Reflections on the UN Human Rights Covenants at Fifty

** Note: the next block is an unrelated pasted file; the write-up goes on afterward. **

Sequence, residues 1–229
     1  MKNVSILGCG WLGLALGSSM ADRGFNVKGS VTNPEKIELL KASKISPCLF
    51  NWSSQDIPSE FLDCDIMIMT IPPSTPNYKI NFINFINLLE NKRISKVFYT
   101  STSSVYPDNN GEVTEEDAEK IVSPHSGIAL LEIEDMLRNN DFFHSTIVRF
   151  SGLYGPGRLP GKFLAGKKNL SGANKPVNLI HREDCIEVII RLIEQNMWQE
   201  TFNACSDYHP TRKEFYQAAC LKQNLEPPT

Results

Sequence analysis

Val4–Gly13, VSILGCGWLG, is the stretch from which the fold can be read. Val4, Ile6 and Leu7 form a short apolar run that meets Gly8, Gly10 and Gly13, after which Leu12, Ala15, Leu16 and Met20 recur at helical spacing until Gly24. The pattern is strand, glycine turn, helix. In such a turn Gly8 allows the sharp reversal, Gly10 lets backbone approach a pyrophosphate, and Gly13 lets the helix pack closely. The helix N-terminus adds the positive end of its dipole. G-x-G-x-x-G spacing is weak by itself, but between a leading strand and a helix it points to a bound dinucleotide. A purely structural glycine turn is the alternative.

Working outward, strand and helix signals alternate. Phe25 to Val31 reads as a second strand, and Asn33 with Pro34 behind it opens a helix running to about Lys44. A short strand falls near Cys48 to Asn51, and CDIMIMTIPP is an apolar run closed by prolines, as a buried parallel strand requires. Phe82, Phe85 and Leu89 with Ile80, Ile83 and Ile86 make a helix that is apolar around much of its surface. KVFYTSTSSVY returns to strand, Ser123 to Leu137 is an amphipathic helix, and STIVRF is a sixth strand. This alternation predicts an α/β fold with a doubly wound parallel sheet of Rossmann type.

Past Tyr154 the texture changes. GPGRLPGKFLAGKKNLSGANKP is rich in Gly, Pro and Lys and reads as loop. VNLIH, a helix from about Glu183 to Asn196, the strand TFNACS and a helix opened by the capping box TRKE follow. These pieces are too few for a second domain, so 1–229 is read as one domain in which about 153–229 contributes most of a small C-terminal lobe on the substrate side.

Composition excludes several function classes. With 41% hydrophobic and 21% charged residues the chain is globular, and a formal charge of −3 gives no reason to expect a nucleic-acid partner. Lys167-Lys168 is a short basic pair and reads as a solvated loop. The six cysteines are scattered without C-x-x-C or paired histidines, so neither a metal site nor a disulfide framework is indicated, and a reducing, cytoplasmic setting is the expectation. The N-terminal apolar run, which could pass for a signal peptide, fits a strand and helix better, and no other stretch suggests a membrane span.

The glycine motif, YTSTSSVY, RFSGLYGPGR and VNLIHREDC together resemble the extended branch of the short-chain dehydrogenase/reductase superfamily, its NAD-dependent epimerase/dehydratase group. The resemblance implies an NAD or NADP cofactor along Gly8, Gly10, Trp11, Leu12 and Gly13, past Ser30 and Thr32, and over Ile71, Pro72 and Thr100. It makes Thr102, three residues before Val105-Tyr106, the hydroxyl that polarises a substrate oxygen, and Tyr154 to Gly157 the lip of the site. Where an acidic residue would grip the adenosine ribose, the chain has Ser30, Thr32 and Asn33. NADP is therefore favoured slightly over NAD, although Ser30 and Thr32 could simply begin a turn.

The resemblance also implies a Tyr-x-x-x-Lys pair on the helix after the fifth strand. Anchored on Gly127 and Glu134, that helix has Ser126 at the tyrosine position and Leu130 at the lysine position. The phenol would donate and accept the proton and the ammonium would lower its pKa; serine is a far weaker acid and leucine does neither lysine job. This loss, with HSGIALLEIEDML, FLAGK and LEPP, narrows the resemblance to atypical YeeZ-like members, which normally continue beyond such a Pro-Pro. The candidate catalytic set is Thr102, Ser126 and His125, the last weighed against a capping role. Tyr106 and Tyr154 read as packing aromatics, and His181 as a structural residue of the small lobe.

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The two UN Human Rights Covenants are celebrating 50 years since their adoption in 1966. Based in substance on the Universal Declaration of Human Rights of 1948, they have shaped the development of international human rights treaty law considerably. Whilst ideological controversies between Eastern and Western States about the legal nature of both sets of rights initially led to an inconsistent and differing acceptance of economic, social, and cultural rights, as well as civil and political rights – with the advent of the Vienna World Conference on Human Rights in 1993 the equal treatment of all human rights has been accepted by most States and commentators, and reinforced through the practice of the new Human Rights Council. In this respect, State responsibilities to respect, protect and fulfil are now regularly monitored, even if no strict sanctions regime exists at the universal level. Newer trends in international human rights law are beginning to place a greater emphasis on the universal principles underpinning each specific instance of individual rights protection by focusing, inter alia, on issues such as poverty reduction and alleviation, corporate responsibilities, and protection of human rights during armed conflict. The system of individual communications (complaints) has undoubtedly strengthened the overall thrust of fundamental rights protection worldwide – nevertheless, it still deserves much more attention than it receives at present.